I meant to reply, but I forgot until now. I still don't understand BCD compliant numbers, so it's hard for me to convert the info into something a little more understandable. I don't even understand what you posted there yet.
In discussing "BCD compliant numbers" you need to make clear that for ANY number greater than nine, the result of adding to score will not be the "normal" result. For examle, if a=50, then saying "score=score+a" will add 32 to the score.
BTW, one thing that might be helpful would be an "add to score" function which could add or subtract a variable to the ones, tens, hundreds, thousands, ten-thousands, and maybe even hundred-thousands place.
I've been using your page today and really like it. Since you did so much work, I thought maybe I would take a quick swing at BCD numbers for you.
Basically BCD numbers are 8 bit hexadecimal numbers, but only the ones that look like ordinary base 10 numbers are used. The CPU has a special mode that works with these numbers, as if they were actually base 10 numbers.
So lets take the number 15. In base 10, each digit is powers of 10. In binary it's powers of 2 and you know that looks like this: %0000 1111. And in hex, it looks like this: $0f. To understand BCD numbers, you need to know how hex numbers are represented in a byte. The bits of a byte can be divided evenly into nibbles, each nibble being 4 bits. Those 4 bits represent one of sixteen hexadecimal digits 0 - f.
BCD numbers are the hex numbers whose digits are only numbers, not letters. Getting back to the number 15 in BCD, it looks like this: $15.
If the cpu is not in bcd mode, and the program adds $5 to $15, the result would be $1f. If the cpu is in bcd mode, then the answer would be $20.
I put the '$' on the numbers to show they are hex numbers, representing the upper and lower nibbles of a byte in memory. --and they are, with the difference being how the CPU handles addition and subtraction operations.
Binary Decimal Hex BCD
0000 0000 0 $00 00
0000 0001 1 $01 01
0000 1001 9 $09 09
0000 1010 10 $0A 10 = 0001 0000
0000 1011 11 $0B 11 = 0001 0001
0000 1100 12 $0C 12 = 0001 0010
0001 0011 19 $13 19 = 0001 1001
0001 0100 20 $14 20 = 0010 0000
The number 10, in the little chart above is instructive because it shows the difference between ordinary hex, decimal and binary numbers. When the CPU is in BCD mode, adding 1 to the BCD number $09, results in the BCD number $10. The actual value of the bits, equal 16 however.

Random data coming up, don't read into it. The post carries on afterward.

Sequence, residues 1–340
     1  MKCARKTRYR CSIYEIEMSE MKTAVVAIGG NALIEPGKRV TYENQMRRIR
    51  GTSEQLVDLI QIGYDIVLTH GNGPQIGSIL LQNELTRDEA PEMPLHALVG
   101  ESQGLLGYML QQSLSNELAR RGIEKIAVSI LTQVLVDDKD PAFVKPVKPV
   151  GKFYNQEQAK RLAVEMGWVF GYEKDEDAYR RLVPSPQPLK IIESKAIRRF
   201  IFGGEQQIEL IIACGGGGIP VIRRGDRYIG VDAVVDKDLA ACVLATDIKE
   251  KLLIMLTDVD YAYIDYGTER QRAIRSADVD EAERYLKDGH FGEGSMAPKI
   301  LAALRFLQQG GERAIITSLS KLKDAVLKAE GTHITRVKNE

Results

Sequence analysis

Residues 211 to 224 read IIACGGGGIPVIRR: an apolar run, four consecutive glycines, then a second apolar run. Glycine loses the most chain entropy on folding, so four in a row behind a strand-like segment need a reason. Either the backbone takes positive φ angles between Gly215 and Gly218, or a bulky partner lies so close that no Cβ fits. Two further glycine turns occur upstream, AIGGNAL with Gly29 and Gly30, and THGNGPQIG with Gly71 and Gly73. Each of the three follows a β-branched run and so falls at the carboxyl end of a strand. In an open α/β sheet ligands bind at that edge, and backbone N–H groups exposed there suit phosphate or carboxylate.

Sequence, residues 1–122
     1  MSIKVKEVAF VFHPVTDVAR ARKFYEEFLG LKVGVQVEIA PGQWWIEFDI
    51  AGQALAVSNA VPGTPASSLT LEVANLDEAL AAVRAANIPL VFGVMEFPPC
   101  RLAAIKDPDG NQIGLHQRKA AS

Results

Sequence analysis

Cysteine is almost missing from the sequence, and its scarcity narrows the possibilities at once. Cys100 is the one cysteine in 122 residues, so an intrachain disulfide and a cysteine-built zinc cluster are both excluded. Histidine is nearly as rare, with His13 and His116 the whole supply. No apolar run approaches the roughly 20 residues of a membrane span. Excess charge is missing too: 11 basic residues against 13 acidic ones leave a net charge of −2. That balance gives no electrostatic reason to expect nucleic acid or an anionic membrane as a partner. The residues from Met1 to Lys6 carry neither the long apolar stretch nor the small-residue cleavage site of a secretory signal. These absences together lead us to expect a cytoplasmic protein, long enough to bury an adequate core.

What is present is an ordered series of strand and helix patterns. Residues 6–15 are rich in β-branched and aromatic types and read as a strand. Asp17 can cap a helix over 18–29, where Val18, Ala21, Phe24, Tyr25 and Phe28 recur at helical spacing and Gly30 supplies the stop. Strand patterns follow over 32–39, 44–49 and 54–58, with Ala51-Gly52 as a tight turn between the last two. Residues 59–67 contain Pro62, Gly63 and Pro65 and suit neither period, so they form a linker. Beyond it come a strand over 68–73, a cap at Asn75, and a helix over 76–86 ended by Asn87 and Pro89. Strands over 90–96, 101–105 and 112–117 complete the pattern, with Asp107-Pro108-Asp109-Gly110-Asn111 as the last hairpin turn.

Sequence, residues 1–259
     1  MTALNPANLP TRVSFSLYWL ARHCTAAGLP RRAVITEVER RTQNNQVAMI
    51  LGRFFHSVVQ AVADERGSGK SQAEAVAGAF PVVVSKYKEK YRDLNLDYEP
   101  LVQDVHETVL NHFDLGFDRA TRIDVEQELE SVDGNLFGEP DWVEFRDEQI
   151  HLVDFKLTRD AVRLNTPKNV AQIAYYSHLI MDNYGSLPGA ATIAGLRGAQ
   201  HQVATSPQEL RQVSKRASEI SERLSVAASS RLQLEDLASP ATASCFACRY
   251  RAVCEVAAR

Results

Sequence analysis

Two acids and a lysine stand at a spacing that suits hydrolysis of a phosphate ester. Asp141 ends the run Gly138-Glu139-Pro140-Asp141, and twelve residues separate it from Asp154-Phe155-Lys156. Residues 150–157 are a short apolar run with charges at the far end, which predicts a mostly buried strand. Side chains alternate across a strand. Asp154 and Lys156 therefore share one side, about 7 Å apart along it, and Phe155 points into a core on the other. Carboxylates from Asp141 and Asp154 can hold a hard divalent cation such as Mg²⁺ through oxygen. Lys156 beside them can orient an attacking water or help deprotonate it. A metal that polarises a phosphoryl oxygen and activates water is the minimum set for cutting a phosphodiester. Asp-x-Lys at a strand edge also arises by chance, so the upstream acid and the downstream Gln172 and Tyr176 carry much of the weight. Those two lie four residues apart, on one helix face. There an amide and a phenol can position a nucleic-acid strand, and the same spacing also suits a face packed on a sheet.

Counting up, works in the normal fashion until we again reach a number with a 9 for it's lower digit. Looking at the actual value of the bits for 19 BCD and 20 BCD shows a large jump that skips over all the other numbers that would have hex letter digits. ( $0a, $b0, etc...)
Looking at it another way, in hex only:
The whole point of this is to create a simple way for the CPU to be able to represent base 10 numbers and allow math operations to be done on them. It's wasteful because a byte can only hold numbers between 0 and 99 instead of the larger 0-255 range the binary and hex representations allow.
When working with large integer numbers, such as the scores in our games, BCD makes a lot of things really easy. When the program says score = score + 10, the CPU can easily add 10 to the score, without conversion.
Lets say the score is stored in two bytes. That would give us a score between 0 and 65535. Adding 10 means, converting the decimal number 10 to a binary/hex representation useable by the CPU. That number would be, $0a or 0000 1010. The add is then done, then the result needs to be shown on screen. Since the 2600 depends on shapes stored in the ROM, mapping each graphical, on screen image to the actual numerical digits is complex, without BCD. This means more math to convert the binary numbers into decimal ones and their pointers to the onscreen images.
With BCD, this whole process is simple because the digits useable by the CPU are easily mapped to the pointers necessary to graphically display the score. So adding 10 to the score really is just an add, with no other major steps being required. When the score is displayed on screen, the computer can read each digit of the score directly from the bytes it is contained in, while using them as pointers at the same time. Those same two bytes would hold a score range of 0000 - 9999, by comparison. Wasteful, but easy to work with from both a mathmatical and display point of view.
Wow, this got long. To sum this up, BCD numbers are used only when the CPU is in BCD arithmatic mode. The whole point of BCD is to allow easy binary representations of decimal numbers without having to do conversions back and forth. BCD wastes a lot of storage space however, because a lot of bits go unused. Bytes hold two digit BCD numbers 00 - 99, instead of the normal 0 - 255 ($00 - $ff) range they are capable of.
Edited by potatohead, Mon Aug 8, 2005 4:26 AM.